ERO provides comprehensive cultural resource services to assist federal agencies and private sector clients throughout all phases of projects that are required to comply with the National Environmental Policy Act (NEPA) and Section 106 of the National Historic Preservation Act (NHPA). We help clients navigate the complex regulatory process, including determining an undertaking’s area of potential effect (APE), developing work plans, coordinating with agencies, conducting cultural resource surveys, evaluating testing and treatment phases, and providing project effects assessments. We specialize in phased planning that allows cost and scheduling flexibility to our clients.
1Section 106 compliance
ERO conducts all phases of Section 106 compliance, including:
  • Identification (Class I data syntheses, reconnaissance survey, and Class III intensive surveys)
  • Evaluative testing of archaeological sites (Phase II) for significance
  • Historic property treatment for adverse effects (Phase III), including excavation and Historic American Building Surveys (HABS) and Historic American Engineering Records (HAER) documentation
2Native American consultation
Federal undertakings require that agencies consult with Native American tribes to further identify and consider the effects on culturally sensitive resources. ERO has assisted federal and state agencies with this requirement by identifying tribes with historical affiliation to an undertaking's APE, conducting or facilitating consultation on their behalf, and facilitating meetings for the purpose of consultation.
3Historic American Building Surveys/Historic American Engineering Records documentation
ERO provides Historic American Building Surveys/Historic American Engineering Records Documentation (HABS/HAER) and Historic Resource Documentation under both National Park Service and state standards. HABS/HAER documentation is typically performed as part of a treatment plan to mitigate an adverse effect on a historic property, and includes high-quality photo documentation, a narrative history compiled through primary and secondary archival research, and measured drawings. ERO has completed HABS/HAER documentation for historic bridges, engineered elements of canals and ditches, buildings, and features of designed landscapes.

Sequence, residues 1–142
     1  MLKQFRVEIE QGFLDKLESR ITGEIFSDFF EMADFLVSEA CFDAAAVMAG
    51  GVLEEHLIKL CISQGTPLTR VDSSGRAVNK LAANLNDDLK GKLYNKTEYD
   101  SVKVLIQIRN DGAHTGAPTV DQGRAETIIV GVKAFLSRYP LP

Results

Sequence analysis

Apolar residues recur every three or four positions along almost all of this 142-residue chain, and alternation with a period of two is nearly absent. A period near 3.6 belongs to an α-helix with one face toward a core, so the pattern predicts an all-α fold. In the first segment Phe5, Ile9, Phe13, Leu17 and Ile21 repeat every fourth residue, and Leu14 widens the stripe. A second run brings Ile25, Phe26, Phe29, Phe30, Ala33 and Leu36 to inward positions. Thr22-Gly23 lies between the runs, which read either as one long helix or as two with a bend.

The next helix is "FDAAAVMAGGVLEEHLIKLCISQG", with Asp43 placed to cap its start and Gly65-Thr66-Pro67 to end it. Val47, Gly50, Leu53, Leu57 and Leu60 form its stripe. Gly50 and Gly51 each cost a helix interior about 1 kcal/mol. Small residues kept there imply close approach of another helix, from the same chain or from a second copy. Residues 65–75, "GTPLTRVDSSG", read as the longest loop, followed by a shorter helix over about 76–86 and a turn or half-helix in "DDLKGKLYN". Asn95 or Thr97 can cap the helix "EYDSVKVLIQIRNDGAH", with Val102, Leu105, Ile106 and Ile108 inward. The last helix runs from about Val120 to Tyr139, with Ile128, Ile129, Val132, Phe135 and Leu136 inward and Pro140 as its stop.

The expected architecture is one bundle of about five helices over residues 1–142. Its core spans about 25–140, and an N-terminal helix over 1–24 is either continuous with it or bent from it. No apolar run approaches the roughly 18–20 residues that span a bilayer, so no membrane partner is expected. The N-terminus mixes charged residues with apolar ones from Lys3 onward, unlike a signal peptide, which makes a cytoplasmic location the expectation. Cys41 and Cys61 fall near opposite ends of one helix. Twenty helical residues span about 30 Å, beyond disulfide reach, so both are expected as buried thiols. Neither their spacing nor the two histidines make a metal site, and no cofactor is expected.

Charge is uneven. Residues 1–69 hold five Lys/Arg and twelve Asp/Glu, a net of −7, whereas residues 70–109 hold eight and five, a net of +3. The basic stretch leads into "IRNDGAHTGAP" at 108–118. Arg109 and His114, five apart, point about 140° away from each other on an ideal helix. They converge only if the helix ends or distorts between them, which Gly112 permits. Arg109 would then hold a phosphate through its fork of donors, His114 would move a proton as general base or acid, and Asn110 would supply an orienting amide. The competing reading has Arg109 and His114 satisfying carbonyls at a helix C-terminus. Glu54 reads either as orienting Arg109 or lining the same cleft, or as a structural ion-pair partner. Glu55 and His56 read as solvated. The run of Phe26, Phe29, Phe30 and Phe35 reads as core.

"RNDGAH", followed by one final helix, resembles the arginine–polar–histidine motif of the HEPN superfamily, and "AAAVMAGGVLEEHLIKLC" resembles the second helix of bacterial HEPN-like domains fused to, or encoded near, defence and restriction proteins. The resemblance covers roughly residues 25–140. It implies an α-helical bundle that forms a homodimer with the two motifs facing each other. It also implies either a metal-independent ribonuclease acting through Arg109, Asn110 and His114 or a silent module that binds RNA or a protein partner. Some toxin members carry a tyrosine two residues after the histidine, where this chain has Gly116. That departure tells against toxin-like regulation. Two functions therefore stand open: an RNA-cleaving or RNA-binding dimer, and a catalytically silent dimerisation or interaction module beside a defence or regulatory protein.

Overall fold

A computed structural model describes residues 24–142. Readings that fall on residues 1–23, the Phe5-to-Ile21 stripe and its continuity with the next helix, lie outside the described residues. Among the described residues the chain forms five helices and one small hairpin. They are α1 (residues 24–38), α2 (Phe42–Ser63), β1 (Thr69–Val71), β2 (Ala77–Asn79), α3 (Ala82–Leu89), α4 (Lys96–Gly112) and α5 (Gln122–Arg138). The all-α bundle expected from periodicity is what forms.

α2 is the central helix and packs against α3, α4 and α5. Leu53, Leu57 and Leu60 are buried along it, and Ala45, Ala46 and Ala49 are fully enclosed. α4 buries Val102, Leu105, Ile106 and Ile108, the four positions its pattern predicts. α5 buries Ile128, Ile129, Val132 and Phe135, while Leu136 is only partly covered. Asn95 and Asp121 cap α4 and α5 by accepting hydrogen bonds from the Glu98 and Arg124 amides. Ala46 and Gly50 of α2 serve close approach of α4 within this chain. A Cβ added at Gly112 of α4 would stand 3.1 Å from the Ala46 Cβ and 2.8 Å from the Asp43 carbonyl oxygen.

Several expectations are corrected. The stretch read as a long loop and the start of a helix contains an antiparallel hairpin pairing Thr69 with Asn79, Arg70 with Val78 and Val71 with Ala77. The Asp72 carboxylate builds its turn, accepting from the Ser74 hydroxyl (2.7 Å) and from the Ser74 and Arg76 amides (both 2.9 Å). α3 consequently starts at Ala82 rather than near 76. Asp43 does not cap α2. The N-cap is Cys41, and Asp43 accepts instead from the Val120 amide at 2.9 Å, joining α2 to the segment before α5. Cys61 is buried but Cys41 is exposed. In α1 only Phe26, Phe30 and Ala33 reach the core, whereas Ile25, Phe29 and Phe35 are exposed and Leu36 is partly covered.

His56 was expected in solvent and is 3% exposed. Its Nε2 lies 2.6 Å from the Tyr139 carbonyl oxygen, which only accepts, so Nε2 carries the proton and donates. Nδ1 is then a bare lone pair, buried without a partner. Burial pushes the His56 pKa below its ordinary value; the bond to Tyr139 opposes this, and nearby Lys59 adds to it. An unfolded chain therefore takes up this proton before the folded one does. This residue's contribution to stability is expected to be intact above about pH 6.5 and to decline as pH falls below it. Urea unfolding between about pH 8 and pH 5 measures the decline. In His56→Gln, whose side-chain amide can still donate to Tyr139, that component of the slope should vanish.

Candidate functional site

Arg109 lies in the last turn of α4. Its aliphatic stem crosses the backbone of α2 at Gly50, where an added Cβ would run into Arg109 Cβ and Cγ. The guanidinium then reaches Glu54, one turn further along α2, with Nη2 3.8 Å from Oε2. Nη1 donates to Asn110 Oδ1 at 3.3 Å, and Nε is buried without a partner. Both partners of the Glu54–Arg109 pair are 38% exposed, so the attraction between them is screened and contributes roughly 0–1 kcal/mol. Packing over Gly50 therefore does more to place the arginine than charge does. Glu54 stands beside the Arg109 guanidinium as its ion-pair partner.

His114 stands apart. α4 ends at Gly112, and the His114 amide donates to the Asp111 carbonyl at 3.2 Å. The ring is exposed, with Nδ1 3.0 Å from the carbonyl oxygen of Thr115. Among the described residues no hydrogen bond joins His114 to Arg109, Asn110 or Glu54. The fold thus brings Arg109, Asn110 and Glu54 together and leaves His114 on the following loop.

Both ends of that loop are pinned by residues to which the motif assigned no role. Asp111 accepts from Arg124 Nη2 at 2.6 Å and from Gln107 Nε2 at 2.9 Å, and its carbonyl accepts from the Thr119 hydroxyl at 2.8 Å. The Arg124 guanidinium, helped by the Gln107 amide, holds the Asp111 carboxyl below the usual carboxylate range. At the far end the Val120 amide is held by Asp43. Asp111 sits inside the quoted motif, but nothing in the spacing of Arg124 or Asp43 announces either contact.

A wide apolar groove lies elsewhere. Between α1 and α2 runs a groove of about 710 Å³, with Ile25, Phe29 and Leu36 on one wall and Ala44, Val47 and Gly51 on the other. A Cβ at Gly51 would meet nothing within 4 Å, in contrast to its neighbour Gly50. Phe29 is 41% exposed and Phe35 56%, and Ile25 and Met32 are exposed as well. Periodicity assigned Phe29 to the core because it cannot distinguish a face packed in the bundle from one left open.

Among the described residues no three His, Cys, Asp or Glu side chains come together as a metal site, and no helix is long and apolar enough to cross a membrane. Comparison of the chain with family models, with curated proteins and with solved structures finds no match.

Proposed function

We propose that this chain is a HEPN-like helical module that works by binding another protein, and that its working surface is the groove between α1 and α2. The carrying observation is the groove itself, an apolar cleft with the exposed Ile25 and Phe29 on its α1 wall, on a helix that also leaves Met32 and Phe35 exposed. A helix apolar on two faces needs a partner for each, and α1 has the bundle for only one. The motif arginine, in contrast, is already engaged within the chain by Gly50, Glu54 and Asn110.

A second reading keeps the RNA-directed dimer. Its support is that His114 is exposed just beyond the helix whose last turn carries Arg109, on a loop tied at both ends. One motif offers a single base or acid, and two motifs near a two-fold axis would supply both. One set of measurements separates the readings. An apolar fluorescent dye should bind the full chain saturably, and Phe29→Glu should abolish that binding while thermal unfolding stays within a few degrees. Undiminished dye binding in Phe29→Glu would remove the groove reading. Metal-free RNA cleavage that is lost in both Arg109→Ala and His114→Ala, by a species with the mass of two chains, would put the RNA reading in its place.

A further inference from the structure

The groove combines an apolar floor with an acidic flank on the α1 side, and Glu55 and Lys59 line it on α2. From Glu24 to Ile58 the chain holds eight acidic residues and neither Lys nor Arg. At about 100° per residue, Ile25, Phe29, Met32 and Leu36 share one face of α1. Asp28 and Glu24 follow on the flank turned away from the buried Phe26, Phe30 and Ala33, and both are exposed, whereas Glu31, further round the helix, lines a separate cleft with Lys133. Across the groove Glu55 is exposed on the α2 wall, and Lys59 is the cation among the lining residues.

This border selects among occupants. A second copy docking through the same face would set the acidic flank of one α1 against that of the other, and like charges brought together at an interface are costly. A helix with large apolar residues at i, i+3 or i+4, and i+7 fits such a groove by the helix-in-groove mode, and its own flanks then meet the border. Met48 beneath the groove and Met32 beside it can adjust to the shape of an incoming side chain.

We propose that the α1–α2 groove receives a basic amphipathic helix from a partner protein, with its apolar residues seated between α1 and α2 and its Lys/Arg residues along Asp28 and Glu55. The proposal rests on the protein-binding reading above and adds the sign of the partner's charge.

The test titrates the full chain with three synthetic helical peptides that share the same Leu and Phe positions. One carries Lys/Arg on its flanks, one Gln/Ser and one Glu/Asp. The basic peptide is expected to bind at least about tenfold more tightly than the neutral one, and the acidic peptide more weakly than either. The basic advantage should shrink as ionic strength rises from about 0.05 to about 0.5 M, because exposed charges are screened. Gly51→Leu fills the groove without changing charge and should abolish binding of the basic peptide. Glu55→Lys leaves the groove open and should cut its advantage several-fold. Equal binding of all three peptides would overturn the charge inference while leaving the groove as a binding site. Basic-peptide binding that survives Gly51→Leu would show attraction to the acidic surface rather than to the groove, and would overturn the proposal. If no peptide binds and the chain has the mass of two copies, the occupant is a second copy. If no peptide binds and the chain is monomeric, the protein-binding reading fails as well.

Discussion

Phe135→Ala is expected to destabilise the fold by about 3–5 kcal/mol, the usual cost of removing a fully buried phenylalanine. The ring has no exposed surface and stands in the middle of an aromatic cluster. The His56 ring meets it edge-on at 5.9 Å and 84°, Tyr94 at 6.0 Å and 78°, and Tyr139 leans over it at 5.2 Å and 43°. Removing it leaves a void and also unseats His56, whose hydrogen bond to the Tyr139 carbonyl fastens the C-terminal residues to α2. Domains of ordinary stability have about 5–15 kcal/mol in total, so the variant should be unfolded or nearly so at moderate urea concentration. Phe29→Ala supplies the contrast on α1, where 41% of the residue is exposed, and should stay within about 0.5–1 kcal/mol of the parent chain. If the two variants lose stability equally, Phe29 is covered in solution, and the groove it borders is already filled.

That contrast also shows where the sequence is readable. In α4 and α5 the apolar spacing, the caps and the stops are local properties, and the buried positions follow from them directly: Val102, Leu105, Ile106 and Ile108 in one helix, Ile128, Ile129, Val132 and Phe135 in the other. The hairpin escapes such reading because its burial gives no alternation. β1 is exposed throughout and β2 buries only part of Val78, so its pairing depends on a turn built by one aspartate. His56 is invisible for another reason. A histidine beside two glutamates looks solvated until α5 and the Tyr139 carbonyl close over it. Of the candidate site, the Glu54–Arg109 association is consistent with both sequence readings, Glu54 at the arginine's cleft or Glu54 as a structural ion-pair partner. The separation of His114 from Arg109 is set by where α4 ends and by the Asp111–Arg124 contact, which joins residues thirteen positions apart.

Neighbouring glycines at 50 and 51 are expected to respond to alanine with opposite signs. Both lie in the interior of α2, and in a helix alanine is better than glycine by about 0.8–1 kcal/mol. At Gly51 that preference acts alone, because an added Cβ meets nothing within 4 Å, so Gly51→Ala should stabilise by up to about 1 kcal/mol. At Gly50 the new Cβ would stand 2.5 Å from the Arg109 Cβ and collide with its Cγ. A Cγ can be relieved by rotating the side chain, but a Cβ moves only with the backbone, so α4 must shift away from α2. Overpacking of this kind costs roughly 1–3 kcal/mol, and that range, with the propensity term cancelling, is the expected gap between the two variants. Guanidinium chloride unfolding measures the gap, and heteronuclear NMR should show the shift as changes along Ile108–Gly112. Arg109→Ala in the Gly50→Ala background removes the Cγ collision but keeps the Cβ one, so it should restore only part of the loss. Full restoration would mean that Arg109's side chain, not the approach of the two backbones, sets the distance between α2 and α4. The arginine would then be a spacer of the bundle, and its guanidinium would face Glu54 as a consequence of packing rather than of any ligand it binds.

4Predictive GIS modeling
Using Geographic Information Systems (GIS), ERO conducts predictive modeling using environmental data layers and archaeological site data to estimate the location of both surface and buried sites. Predictive modeling is especially useful during NEPA analysis when identification surveys are premature, but a reasonable estimation of resources is an expected outcome of the analysis. In dynamic landscapes such as alluvial settings, predictive modeling has the capability to estimate the number of buried archaeological sites that might be expected during construction of buried pipelines, for example.
5Geophysical/remote sensing surveys
ERO uses remote sensing techniques to identify buried cultural resources, including unmarked graves and archaeological sites. Geophysical applications (ground penetrating radar, resistivity, and magnetometer) can locate buried cultural resources that are previously unknown, or quantify the extent, number, and depth of known resources. Remote sensing serves to focus mitigation efforts over large archaeological sites by maximizing time and limiting expense.
7Architectural condition assessments and stabilization
ERO specializes in architectural documentation, condition assessments, and stabilization of prehistoric standing structures. Ruins preservation is generally a four-step process that requires documenting existing conditions, completing a condition assessment that identifies threats and recommends treatments, stabilizing architecture, and developing a monitoring plan to assess conditions over time. Architectural stabilization is intended to stop or slow down the deterioration of the structural remains and retain the original architectural fabric and integrity as closely as possible. For example, ERO performed ruins preservation at the Moon House complex and in Grand Gulch in southeast Utah.
8ERO permit areas and clientele
  • Permitted with all federal and state agencies in our core service area of Colorado, New Mexico, Utah, and Wyoming
  • Tribal permits include the Southern Ute Indian Tribe and the Navajo Nation
  • Forest Service Permits with Rocky Mountain, Intermountain, Northern, and Southwest Regions
  • Prequalified contractor for the Bureau of Reclamation, National Park Service, and Bureau of Indian Affairs
  • ERO routinely works with the U.S. Army Corps of Engineers, the Bureau of Land Management, and engineering companies. We hold indefinite delivery/indefinite quantity contracts with the Federal Highway Administration-Central Federal Lands, Denver Water, Colorado Springs Utilities, La Plata County, and the National Park Service.